Union leader wants to ensure the planned convention-center expansion brings better opportunities for hotel workers.
The Washington State Convention Center’s expansion could be a once-in-a-generation opportunity to improve the wages and working conditions of the tourism industry’s low-paid rank and file.
That’s how Stefan Moritz, director of strategic affairs at Unite Here Local 8, looks at the convention center’s proposed $1.4 billion expansion project. The Seattle-based local represents about 5,000 housekeepers, cooks and other hospitality workers in Washington and Oregon.
As the convention center negotiates with the city and the county to make the expansion a reality, Moritz says now is the time for a public conversation about how to ensure low-wage hotel workers, who are largely minorities, will benefit from the profits the huge public project will produce for owners of private hotels.
“How do we ensure that big public investment makes tourism a sustainable industry on all fronts?” Moritz said. “We’re not saying don’t do it — just don’t do it blindly.”
As a public-facilities district, the convention center will fund the project with bonds backed by lodging taxes. Last year it received about $54.6 million in lodging-tax revenue, according to its annual financial report.
The megaproject, which officials say would double the convention center’s capacity to host national meetings and events, still has to clear significant hurdles.
For one thing, the convention center still does not control the proposed site — a full block bounded by Pine Street, Olive Way, Boren Avenue and Ninth Avenue that’s now the northern terminus for the downtown bus tunnel.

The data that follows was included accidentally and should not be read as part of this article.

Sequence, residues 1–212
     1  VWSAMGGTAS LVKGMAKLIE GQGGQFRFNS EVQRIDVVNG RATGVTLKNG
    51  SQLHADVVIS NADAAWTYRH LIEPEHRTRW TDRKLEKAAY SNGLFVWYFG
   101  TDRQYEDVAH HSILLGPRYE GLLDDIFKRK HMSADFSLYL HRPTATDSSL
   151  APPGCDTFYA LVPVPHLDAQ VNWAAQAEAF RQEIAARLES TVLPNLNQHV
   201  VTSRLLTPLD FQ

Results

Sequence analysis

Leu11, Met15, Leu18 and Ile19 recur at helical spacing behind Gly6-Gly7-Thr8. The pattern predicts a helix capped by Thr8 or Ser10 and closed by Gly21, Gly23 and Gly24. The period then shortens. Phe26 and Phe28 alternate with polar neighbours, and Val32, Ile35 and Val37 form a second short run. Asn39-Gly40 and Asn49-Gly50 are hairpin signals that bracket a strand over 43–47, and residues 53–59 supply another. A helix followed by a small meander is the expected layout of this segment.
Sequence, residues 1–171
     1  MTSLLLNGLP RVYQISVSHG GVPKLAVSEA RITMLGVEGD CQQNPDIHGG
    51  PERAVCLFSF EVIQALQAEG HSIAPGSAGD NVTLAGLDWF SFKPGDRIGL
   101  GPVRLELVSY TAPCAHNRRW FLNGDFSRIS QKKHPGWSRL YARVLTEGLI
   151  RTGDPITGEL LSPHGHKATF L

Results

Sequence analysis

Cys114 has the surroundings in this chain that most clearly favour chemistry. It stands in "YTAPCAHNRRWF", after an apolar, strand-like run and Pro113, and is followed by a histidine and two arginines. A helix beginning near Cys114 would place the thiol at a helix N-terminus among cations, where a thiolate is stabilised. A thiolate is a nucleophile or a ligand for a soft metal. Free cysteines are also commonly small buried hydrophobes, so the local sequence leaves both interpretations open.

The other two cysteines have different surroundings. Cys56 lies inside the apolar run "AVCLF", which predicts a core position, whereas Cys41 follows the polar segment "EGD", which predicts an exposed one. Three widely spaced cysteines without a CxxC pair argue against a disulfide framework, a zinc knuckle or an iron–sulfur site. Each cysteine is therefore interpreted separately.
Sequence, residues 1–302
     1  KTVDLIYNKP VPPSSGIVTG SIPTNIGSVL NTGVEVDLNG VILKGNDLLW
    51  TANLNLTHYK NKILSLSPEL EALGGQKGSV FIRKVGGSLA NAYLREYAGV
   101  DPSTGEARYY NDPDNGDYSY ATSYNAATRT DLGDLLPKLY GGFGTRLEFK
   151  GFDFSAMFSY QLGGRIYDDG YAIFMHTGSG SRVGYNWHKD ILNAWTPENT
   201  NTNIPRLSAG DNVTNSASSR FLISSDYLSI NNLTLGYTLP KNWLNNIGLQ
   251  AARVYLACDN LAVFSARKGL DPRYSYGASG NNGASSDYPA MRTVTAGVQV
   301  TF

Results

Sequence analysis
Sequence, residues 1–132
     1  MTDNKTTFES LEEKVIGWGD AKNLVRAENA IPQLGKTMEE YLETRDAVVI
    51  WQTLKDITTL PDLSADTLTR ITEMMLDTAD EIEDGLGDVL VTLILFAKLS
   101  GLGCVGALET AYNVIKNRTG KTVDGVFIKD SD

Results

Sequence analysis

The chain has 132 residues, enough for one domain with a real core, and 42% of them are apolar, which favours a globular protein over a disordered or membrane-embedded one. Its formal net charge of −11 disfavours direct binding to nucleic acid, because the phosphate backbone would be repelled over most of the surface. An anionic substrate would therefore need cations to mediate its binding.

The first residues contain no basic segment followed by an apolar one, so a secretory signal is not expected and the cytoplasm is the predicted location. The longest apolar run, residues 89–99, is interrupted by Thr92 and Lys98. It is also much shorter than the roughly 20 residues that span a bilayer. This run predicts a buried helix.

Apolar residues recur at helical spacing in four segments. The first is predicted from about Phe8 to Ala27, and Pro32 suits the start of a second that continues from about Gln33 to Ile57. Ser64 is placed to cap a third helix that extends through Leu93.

King County Metro Transit owns the Convention Place bus station, and the two public agencies are still negotiating the terms of a deal for the property.
Both the negotiations and the union’s activist push could spell delays for the expansion.
Developer Matt Griffin, whose Pine Street Group is the project manager for the convention-center expansion, says a year’s delay in getting permits would cost the area $235 million in visitor spending, based on research by consulting firm ECONorthwest.
A delay would also postpone the creation of 2,300 full-time jobs at the convention center and 1,900 full-time jobs in the hospitality industry. Construction itself will generate about 6,000 jobs, he said.
While the convention-center expansion will undoubtedly stimulate the local economy, Metro must receive fair market value for the property, said Sung Yang, chief of staff for Metropolitan King County Executive Dow Constantine.
The convention center and King County also must agree on exactly when bus service at the site will come to an end.
Griffin said the bus station would need to close in 2017 to allow construction to begin on the convention-center expansion. But Metro wants to keep bus transit in the area going as long as possible, even during construction, before the 2021 handover to Sound Transit.
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“We’re still in the early stages of evaluating how it could be managed,” Yang said.
Once the convention center gains control of the proposed expansion site, the district still will need to take control of public rights of way and get permits from the city for the work.